The meeting between Salzburg Austrian and the German Frankfurt Eintracht, corresponding to the return of the round of 16 of the Europa League, has been postponed due to threat storm, UEFA reports in a statement.It states that the Austrian public authorities have recommended this decision in view of the expected weather situation for the time of the match, set at 21.00 CET.UEFA notes that it will soon communicate the date and time in which will be played the game.Frankfurt Eintracht won in the first leg 4-1.
ShareTweetShareEmail0 SharesJune 28, 2014; Boston GlobeOn Thursday, in McCullen v. Coakley, the Supreme Court unanimously struck down a Massachusetts law that provided for a 35-foot “buffer zone” around clinics providing abortions. The Saturday after, protestors showed up in greater numbers in Boston and Worcester, pushing beyond that previously established line.The “buffer zone” was established to keep protestors at a distance from women seeking to enter clinics.In Boston, where the Saturday protests at a Boston Planned parenthood clinic were expected, protestors pushed past the 35-foot lines to yell at women entering. “Please don’t kill your baby! You can celebrate a birthday next year!” They waved signs, some depicting infants in their mothers’ arms and a bloody baby in hands marked by stigmata.The decision only applies to Massachusetts at this point, but it could set a precedent for similar actions in other states where there are smaller buffer zones in place. For instance, San Francisco’s law is virtually identical but with a 25-foot zone—recently raised from eight feet, which city officials saw as inadequate.Massachusetts Attorney General Martha Coakley said that she, Gov. Deval Patrick, Boston Mayor Marty Walsh, and state lawmakers were working to establish a plan that would protect women’s access to the five affected clinics and that officials would seek court injunctions against any protestor that threatened a woman’s safety. Meanwhile, the clinics are beefing up on their number of escorts to accompany women through the gauntlet of protestors. They had been using them on Saturdays but now will make them available on other days as well.—Ruth McCambridgeShareTweetShareEmail0 Shares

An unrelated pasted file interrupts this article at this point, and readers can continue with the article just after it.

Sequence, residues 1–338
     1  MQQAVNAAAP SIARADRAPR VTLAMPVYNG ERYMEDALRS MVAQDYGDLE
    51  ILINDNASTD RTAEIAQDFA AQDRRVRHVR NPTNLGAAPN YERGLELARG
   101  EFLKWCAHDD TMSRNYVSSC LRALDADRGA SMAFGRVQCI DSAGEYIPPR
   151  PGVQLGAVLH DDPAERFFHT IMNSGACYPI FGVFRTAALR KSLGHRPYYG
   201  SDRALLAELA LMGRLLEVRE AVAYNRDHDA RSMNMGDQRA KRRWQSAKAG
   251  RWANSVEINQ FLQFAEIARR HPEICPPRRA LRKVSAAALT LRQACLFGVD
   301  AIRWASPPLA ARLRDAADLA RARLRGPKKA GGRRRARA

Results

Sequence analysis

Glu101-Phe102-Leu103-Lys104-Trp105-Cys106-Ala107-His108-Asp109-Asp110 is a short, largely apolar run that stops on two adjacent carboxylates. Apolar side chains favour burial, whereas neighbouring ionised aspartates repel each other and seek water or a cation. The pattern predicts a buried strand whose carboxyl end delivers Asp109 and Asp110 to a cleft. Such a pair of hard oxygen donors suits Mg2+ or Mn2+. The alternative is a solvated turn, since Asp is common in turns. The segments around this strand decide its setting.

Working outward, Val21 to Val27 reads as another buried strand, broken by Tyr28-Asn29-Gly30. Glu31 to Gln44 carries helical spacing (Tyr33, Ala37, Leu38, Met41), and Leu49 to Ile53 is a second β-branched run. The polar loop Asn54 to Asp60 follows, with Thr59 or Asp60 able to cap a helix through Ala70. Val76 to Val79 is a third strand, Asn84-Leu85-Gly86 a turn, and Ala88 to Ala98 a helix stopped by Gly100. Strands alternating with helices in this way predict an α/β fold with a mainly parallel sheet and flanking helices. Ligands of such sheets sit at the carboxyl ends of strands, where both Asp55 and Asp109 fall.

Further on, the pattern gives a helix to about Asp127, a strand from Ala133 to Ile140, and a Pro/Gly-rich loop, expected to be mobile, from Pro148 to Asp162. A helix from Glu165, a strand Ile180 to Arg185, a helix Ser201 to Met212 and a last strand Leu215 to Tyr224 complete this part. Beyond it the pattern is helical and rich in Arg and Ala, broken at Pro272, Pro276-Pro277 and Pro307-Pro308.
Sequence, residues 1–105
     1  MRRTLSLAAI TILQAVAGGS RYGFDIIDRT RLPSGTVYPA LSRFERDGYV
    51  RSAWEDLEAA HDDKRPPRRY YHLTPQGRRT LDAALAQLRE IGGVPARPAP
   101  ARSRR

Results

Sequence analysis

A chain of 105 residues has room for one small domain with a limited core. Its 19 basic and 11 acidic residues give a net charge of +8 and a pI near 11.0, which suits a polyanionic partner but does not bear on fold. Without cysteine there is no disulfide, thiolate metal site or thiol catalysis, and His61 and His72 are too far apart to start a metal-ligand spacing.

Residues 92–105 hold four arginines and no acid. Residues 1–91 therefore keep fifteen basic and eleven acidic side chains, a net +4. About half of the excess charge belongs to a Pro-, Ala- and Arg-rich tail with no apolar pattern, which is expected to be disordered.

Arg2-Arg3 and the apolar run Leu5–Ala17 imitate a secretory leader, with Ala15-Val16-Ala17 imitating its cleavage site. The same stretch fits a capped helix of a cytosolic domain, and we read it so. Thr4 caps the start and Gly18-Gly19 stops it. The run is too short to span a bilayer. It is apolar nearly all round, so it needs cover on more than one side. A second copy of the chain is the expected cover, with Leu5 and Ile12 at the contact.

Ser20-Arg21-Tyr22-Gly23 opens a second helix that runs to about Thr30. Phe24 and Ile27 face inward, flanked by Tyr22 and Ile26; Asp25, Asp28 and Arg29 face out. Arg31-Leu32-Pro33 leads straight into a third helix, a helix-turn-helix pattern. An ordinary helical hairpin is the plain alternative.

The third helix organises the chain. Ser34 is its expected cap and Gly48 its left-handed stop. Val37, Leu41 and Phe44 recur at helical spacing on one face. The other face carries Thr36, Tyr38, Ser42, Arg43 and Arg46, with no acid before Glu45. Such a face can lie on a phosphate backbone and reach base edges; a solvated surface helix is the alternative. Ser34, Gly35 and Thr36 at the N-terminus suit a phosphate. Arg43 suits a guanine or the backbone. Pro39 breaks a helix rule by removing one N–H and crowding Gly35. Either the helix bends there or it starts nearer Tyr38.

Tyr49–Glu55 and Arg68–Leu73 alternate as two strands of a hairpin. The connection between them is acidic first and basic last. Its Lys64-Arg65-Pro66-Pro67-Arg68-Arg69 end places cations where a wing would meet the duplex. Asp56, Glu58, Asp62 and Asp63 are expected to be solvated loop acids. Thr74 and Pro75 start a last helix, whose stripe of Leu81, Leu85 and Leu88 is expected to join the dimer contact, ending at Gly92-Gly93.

Aug 10 2018The U.S. Food and Drug Administration today approved Galafold (migalastat), the first oral medication for the treatment of adults with Fabry disease. The drug is indicated for adults with Fabry disease who have a genetic mutation determined to be responsive (“amenable”) to treatment with Galafold based on laboratory data. Fabry disease is a rare and serious genetic disease that results from buildup of a type of fat called globotriaosylceramide (GL-3) in blood vessels, the kidneys, the heart, the nerves and other organs.”Thus far, treatment of Fabry disease has involved replacing the missing enzyme that causes the particular type of fat buildup in this disease. Galafold differs from enzyme replacement in that it increases the activity of the body’s deficient enzyme,” said Julie Beitz, M.D., director of the Office of Drug Evaluation III in FDA’s Center for Drug Evaluation and Research.Fabry disease is an inherited disorder caused by mutations (alterations) in the alpha-galactosidase A (GLA) gene located on the X-chromosome. Fabry disease is rare and affects both males and females. It is estimated that classic Fabry disease (the most severe type) affects approximately one in 40,000 males. The later-onset type is more frequent, and in some populations, may occur in one in 1,500 to 4,000 males. Patients with Fabry disease develop slowly progressive kidney disease, cardiac hypertrophy (enlargement of the heart), arrhythmias (abnormal heart rhythm), stroke and early death.The efficacy of Galafold was demonstrated in a six-month, placebo-controlled clinical trial in 45 adults with Fabry disease. In this trial, patients treated with Galafold over six months had a greater reduction in globotriaosylceramide (GL-3) in blood vessels of the kidneys (as measured in kidney biopsy samples) as compared to patients on placebo.The safety of Galafold was studied in four clinical trials which included a total of 139 patients with Fabry disease.Related StoriesDoes genetic testing affect psychosocial health?Genetic contribution to distractibility helps explain procrastinationLiving a healthy lifestyle may help offset genetic risk of dementiaThe most common adverse drug reactions in patients taking Galafold in clinical trials were headache, nasal and throat irritation (nasopharyngitis), urinary tract infection, nausea, and fever (pyrexia).Galafold was approved using the Accelerated Approval pathway, under which the FDA may approve drugs for serious conditions where there is an unmet medical need and where a drug is shown to have certain effects that are reasonably likely to predict a clinical benefit to patients. A further study is required to verify and describe the clinical benefits of Galafold, and the sponsor will be conducting a confirmatory clinical trial of Galafold in adults with Fabry disease.Galafold was granted Priority Review designation, under which the FDA’s goal is to take action on an application within six months of application filing where the agency determines that the drug, if approved, would provide a significant improvement in treating, diagnosing or preventing a serious condition over available therapies. Galafold also received Orphan Drug designation, which provides incentives to assist and encourage the development of drugs for rare diseases.The FDA granted approval of Galafold to Amicus Therapeutics U.S., Inc.Source: https://www.fda.gov/NewsEvents/Newsroom/PressAnnouncements/ucm616598.htm